---


Attaching a second rode. Because I will take the secondary rode off when recovering anchors, I want a no-tool connection. A soft shackle or locking chain hook work. I've used both, and the locking chain hooks is easier.


Just put both biners on the same eye. 10,000# test, and it not holding the whole load (you have two anchors).




As for attaching the recovery rode, I just put a wire gate climbing carabiner through the eye on the rope rode to the secondary anchor. Easy and fast. There is NO need for all-chain on the second rode because there is no yawing/chafe. Mostly rope is much easier if you have to row it out.


I can do this in 10 minutes, no fuss, even in a breeze. It's just about knowing the sequence.
  • Shorten up to the connection and attach the recovery rode. Removing tension to get the connector off varies, but typically just motoring up a little does the job even in a breeze.
  • Recover which ever anchor takes the load first, keeping the recovery rode loose but on deck if the primary is to be recovered first.
  • Recover the other anchor.
This is a rare practice for me ... other than anchor testing, which is why I perfected it. The advantage is that the rodes won't tangle or foule the anchors, and each anchor gets to do what it does best (Fortress holds, NG rotates and tracks).
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Old 10-03-2023, 13:11   #13
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Re: Is this a "drag proof" anchoring strategy?

I have a lot of experience rock/ice climbing (decades of big wall/rock/ice/expedition/etc.) and often compare my boat line or anchor security to how I might critique a climbing anchor as my life depends on it in a more immediate sense. I would consider the second figure to be particularly suspect as the angles produce additional stress. In climbing, we call this set-up a version of the "American Death Triangle".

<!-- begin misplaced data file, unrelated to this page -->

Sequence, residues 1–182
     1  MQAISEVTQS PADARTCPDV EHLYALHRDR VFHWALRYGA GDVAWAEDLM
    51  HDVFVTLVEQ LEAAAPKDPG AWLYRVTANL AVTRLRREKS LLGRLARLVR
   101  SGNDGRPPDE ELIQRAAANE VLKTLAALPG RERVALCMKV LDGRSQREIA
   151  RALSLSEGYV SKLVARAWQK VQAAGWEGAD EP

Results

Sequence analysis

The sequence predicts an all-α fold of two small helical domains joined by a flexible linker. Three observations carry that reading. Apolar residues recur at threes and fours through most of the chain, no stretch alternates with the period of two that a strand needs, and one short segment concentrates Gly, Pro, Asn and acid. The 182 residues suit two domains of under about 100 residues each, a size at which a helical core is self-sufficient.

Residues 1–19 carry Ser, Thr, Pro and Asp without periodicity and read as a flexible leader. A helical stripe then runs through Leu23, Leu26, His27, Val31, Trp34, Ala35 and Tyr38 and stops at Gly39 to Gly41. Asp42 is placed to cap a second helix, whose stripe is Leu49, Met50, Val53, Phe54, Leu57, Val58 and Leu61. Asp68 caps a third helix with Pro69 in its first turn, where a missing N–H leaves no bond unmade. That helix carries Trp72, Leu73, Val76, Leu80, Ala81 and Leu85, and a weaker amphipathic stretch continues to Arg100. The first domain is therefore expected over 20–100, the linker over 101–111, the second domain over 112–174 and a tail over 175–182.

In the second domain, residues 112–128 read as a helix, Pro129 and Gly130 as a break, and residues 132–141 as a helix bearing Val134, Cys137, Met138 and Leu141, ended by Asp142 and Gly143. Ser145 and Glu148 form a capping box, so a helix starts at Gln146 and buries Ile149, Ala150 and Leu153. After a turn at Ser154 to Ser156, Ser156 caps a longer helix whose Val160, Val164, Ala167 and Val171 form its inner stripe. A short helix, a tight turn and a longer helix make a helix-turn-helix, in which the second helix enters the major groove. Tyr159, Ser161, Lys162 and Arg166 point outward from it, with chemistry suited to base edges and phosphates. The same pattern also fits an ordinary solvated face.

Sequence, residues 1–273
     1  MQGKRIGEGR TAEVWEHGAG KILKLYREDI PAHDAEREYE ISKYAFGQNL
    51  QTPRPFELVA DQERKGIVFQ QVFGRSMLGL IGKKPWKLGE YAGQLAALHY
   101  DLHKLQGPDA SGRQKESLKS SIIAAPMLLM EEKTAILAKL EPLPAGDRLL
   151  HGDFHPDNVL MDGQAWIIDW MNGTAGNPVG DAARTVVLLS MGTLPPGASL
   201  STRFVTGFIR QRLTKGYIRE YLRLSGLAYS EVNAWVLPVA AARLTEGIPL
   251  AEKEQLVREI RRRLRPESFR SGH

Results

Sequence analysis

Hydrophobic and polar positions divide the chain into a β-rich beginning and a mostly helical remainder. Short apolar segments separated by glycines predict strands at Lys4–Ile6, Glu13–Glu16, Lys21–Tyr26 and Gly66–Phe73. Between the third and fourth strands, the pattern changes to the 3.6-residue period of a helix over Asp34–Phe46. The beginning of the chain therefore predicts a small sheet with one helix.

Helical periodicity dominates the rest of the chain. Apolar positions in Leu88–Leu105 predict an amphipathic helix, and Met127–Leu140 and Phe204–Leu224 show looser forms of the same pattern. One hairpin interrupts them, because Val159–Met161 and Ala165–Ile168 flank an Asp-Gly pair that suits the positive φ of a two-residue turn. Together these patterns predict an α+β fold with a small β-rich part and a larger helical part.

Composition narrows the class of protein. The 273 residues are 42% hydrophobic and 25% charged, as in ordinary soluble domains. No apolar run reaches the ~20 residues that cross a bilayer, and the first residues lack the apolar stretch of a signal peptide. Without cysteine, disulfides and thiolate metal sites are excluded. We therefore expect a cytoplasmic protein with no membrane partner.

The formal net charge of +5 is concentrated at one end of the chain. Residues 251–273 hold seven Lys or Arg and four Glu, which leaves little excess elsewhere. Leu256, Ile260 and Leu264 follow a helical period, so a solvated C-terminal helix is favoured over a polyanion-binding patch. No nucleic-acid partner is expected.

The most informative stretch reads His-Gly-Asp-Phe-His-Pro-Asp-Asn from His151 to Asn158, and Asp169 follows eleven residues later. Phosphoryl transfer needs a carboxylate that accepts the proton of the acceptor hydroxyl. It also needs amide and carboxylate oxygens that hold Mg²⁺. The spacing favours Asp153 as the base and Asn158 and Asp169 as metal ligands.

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Old 10-03-2023, 14:09   #14
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Re: Is this a "drag proof" anchoring strategy?

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I have a lot of experience rock/ice climbing (decades of big wall/rock/ice/expedition/etc.) and often compare my boat line or anchor security to how I might critique a climbing anchor as my life depends on it in a more immediate sense. I would consider the second figure to be particularly suspect as the angles produce additional stress. In climbing, we call this set-up a version of the "American Death Triangle".

In practice, unlike rock, what normally happens is that one of the anchors drags just a little until the angles are more reasonable. And, in practice, it is hard to actually set the anchor at that angle, once you consider the scope and then pull to the side. His method would not actually result in that angle. You have to place them separately and then pull them towards each other on purpose. It can't actually be done on a combined rode.
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Old 10-03-2023, 14:57   #15
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Re: Is this a "drag proof" anchoring strategy?

is it drag proof?

no, it looks like a real drag to set up. (A joke)

I like one big giant anchor, some chain, snubber/bridle. Set it and forget it anchoring.